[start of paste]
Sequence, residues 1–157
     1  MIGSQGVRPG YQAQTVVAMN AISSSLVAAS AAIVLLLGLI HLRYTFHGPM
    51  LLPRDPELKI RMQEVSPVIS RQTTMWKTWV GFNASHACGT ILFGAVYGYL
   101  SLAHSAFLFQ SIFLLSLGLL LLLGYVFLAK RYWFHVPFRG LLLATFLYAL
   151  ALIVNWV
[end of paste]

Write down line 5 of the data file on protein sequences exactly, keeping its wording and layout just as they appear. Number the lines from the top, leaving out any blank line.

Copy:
   151  ALIVNWV